How does a magazine form a dialogue between girls? It forms itself. Her first issue was called ‘virgin’, in which girls shared their first sexual experiences. The amount of e-mails Natassa received was overwhelming. She couldn’t believe just how many girls were willing to contribute their stories in order to help others; her true definition of girl culture. And there is no vanity or self promotion in GIRL.IS.A.GUN; most authors wish to remain anonymous.

The contrast between her two homes, London and Athens, couldn’t be more drastic. While the ever grey skies in London seem depressing to an outsider, her generation of girls in this city is thriving. Then there is the eternally sunny Athens, where the youth is deeply depressed under a blue sky which “to British people looks like vacation.” The stories she received from girls in Greece were incredibly emotional. A generation that desperately wants to do something with their lives, but their hands are bound by the recession. Rent might be a tenth of what we pay in London, but many young people are forced to live with their families in their mid-twenties. Pretty much everyone she knows from home, Athens, struggles with mental health. To portray young creatives only as successful and careless dreamers is simply a lie.

Her content is an answer to the mainstream media that tells this generation of girls to “smile more.” The second issue of GIRL.IS.A.GUN covers the topic of heartbreaks. While her tutors advised her to make her magazine more celebratory, the reader finds girls’ very personal experiences on cheating, lacking self worth and even rape. The stories are shocking and unvarnished –  and yet, the magazine isn’t melancholic; it features real girls from all different backgrounds showing that being fragile doesn’t mean failure. Natassa wants to challenge the idea that the best thing girls can bond over is the hatred for someone else.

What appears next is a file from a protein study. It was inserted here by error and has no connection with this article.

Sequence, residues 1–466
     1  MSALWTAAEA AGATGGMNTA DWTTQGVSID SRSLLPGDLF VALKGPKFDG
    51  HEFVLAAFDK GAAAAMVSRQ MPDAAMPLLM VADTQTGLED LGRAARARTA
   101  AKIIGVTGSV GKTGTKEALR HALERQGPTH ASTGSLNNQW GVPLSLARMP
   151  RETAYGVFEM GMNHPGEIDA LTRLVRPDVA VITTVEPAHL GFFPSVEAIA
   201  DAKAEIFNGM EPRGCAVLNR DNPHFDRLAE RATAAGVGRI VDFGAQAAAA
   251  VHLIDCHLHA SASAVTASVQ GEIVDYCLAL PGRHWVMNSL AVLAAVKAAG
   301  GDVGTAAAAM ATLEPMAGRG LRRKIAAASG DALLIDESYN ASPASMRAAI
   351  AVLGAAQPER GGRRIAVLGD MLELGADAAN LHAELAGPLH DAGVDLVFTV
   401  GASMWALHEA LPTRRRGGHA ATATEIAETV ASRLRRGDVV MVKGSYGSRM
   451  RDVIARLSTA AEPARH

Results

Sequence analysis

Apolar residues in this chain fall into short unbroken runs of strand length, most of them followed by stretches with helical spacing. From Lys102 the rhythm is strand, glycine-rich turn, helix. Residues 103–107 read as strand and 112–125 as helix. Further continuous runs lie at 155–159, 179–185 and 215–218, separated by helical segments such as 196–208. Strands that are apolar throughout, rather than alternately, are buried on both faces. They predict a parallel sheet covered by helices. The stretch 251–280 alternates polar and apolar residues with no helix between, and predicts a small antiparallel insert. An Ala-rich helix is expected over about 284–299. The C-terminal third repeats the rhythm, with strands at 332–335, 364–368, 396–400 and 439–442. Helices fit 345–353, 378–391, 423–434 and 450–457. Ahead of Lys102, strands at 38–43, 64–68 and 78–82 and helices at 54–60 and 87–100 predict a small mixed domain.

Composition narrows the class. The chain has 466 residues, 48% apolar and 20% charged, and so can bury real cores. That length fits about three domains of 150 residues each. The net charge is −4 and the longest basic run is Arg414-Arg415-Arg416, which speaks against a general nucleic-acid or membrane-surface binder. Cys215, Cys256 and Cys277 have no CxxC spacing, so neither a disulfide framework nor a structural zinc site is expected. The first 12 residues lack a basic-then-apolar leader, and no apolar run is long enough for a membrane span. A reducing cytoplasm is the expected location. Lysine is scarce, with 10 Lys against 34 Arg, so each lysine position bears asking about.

Girl hate is so deeply engraved into our culture, that sometimes it is just assumed that one girl hates another. Natassa’s favourite story is about a girl that hooks up with a boy in a relationship. For years, the girl assumes that she’s hated for it. And just how life works, under different circumstances, those two girls were brought together and both realised they had hated each other for years just because it was expected from them. In fact, the girlfriend hated her (ex)boyfriend, not the girl. Had the two girls just reached out and communicated, it wouldn’t have cost them years of worrying.

It is the last story in her heartbreak issue, leaving the readers with both the chance to reflect on their own lives and a glimpse of hope after all the sad content. Natassa knows that girl hatred cannot just be switched off, but she hopes that with sharing these stories, she will open up the dialogue.

Natassa has given several interviews in Greece on GIRL.IS.A.GUN. During all of them she talked about the giant struggle, the difficulty to find funding, the overwhelming amount of work that seemed undoable: “the best things in my life come from the magazine, but also so do the worst.”

None of the interviews mentioned her struggles, it was always the story of the young, successful creative.

They simply portrayed her as the girl boss.

Words Brenda WS Images Courtesy of Girl Is a Gun